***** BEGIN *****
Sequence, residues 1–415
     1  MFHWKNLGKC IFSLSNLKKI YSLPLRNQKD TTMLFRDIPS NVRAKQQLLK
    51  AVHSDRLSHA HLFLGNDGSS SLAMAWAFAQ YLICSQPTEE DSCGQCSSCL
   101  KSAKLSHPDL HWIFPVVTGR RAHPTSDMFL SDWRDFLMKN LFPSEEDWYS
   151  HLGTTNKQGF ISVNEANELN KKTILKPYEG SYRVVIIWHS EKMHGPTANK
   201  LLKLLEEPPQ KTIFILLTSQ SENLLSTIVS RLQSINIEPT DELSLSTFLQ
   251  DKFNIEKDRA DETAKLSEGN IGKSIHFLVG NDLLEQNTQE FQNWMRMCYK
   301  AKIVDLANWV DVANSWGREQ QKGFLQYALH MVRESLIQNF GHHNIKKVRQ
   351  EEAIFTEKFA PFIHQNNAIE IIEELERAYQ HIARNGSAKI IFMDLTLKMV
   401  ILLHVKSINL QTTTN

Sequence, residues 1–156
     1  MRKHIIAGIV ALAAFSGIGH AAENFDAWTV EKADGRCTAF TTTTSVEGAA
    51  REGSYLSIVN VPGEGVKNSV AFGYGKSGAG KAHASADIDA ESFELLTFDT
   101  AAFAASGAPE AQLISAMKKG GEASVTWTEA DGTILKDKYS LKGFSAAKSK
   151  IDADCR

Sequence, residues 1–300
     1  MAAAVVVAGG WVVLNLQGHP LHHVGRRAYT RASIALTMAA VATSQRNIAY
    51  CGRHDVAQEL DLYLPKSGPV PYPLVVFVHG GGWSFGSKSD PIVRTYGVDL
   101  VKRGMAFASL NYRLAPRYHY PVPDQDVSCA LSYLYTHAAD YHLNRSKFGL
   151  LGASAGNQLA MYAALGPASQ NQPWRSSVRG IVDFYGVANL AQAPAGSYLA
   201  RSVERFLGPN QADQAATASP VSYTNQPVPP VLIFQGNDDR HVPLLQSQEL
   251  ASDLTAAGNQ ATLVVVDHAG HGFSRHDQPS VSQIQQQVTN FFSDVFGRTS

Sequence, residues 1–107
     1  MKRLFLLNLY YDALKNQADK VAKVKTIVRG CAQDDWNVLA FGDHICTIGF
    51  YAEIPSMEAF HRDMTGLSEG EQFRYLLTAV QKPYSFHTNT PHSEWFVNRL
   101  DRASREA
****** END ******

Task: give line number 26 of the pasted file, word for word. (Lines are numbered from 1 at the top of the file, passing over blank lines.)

   101  DRASREA